In March 1975, a former talent scout by the name of Wally Amos borrowed US$ 25,000 from friends to open the first freestanding Famous Amos gourmet cookie store. Although Amos' cookie recipe was essentially the Nestle's Toll House Cookie recipe with extra chips and nuts added, the cookie maker's flare for publicity coupled with his contacts in the entertainment industry eventually propelled the Famous Amos brand into American folklore.
Within the first year of opening his store on Hollywood's Sunset Boulevard, Amos had two more Famous Amos franchises on the West Coast. Meanwhile, Bloomingdale's department store in New York was selling his cookies at three dollars per pound. By August of 1975 – even before the first store was making any money – the New York Times had run a story on Famous Amos, and not long afterward a syndicated story appeared in other papers. As Amos would later write in his autobiography, "Famous Amos began to move, not only forward, but up, up, and away. Thanks to the media, Famous Amos became known as the cookie of the jet set."
Less than five years after opening his first store, Amos was a millionaire. The Famous Amos brand grossed US$ 5 million in 1980 and US$ 10 million in 1985. But even more than wealth, Amos was acquiring fame. His likeness in a Panama hat and Indian gauze shirt adorned bags of Famous Amos cookies in thousands of homes across the US. He later immodestly noted, "I opened the first gourmet chocolate chip cookie store in the world and set off a culinary explosion still reverberating to this day…. One hundred and fifty million Americans – 60 percent of the population – still know me as 'the Cookie Man.' They say, with apologies to Mrs. Fields and Pepperidge Farm, that I am the world's most eminent cookie maker" ("The Famous Amos Story," Doubleday, 1983).
Even so, Amos later insisted that it was not fame he was seeking when he started Famous Amos. The corporate name, he said, was simply a nickname he had acquired from knowing so many people in the entertainment industry. "All I wanted to do was make a living, I didn't even care about being famous," he said in an interview with Forbes (10-Mar-86).
Following a decade of success, corporate mismanagement forced Amos to gradually sell off parts of his company. In 1984, the Bass Brothers purchased a majority interest in Famous Amos for just over US$ 1M. Amos has written that it was then that he signed a quitclaim relieving him of the right to use his name or likeness in any enterprise that had food in its business. The agreement, meanwhile, made him an employee of Famous Amos with equity.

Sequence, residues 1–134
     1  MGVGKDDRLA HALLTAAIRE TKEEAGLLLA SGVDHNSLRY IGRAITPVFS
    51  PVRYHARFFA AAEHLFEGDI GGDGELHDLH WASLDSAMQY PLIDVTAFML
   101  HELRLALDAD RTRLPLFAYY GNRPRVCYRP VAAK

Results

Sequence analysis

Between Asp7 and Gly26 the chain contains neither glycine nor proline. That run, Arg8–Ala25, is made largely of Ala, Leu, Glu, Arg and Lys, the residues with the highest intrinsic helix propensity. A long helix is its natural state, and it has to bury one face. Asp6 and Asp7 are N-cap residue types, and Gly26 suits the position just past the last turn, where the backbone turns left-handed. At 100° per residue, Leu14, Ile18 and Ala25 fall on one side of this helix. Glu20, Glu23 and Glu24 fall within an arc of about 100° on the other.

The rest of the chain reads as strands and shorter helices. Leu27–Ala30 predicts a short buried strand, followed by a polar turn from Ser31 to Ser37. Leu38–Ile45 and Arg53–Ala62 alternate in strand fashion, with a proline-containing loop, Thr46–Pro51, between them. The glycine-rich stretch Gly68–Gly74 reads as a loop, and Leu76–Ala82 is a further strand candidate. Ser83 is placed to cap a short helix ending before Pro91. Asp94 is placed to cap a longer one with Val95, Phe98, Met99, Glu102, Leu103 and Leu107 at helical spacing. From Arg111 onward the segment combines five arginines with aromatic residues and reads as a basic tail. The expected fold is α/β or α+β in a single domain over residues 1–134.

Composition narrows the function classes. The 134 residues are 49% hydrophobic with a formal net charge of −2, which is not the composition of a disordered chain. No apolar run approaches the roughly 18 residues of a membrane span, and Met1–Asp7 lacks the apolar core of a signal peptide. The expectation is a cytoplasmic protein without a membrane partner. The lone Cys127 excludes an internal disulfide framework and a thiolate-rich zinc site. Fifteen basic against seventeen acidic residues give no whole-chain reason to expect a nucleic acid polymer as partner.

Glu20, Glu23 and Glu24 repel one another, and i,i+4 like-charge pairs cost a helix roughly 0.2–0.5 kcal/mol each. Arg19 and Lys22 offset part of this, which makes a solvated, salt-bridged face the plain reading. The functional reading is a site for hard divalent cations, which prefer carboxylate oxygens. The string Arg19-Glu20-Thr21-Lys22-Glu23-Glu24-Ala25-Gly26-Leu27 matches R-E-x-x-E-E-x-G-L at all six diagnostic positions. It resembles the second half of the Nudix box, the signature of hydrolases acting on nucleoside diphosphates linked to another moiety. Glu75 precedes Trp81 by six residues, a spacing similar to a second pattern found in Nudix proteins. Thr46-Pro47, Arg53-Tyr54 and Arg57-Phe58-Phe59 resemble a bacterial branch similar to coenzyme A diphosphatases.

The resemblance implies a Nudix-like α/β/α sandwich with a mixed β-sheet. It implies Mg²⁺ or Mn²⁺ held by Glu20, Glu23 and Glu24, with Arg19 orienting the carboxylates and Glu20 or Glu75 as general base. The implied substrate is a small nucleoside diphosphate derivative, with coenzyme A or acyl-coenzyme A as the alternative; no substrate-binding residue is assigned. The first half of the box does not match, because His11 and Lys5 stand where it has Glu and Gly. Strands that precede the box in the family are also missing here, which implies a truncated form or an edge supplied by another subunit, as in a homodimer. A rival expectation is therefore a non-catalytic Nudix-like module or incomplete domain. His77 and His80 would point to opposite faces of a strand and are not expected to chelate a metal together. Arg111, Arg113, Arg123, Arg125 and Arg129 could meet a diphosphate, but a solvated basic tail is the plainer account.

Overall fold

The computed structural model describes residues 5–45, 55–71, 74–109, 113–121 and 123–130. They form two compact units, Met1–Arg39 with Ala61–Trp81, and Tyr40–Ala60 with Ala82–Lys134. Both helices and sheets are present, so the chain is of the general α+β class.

But a year later the brand was acquired by the Baer Group who in turn sold it to San Francisco-based venture capital firm the Shansby Group in 1988, leaving Amos’ with reportedly zero equity.
According to Amos, the Shansby Group "repositioned [the] cookies from a gourmet item to a lower-priced commodity product. Their strategy was to take a product in a limited, quality niche and mass-merchandise it…. Their strategy was well thought out, and it worked wonders. Sales soared, and [the company] recovered. When [Shansby] acquired the business, sales were US$ 6M per year. They built it up to over US$ 80M…. But the compromises they made to the quality of the product meant that the original cookie had become a shadow of itself." Amos continued, "[The] chocolate chip cookies now tasted bland and uninteresting," adding, "I created the original [recipe] and I know they...changed it" ("Man With No Name," Asian Publishing, 1994).
When Amos wrote to the new owners of Famous Amos to complain, he was reminded of the quitclaim he had signed in 1985 requiring him to stay out of the cookie business. In spite of Amos' bellyaching that he could not make a living without being able to use his name, a court of law held that the quitclaim he had signed was binding. So Amos began marketing his baked good under the name Uncle Noname. Meanwhile, after undergoing further changes in ownership, Famous Amos was acquired by the President Baking Company in 1992. The Keebler Company acquired President Baking in 1998 and with it the Famous Amos brand.
In an agreement worked out with Keebler, Amos was hired to once again to promote the Famous Amos brand. In exchange for his public relations help, Amos was allowed to use his name in the marketing of his own products, which he now sold under the label Uncle Wally's.
But the reconciliation would apparently only be temporary. In 2001, the itinerant cookie was acquired by the Kellogg Company through its purchase of Keebler, and according to a spokesperson Amos is not currently involved with the brand.
Although it’s debatable whether the original recipe has survived the trip, a Keebler spokesperson says that the cookies are differentiated from other cookies including Keebler's by a "special recipe for fresh, homemade taste."
Now targeted at women between the ages of 35 to 54, retails sales for 2000 were reportedly at US$ 100M – which is a lot of dough for a little cookie.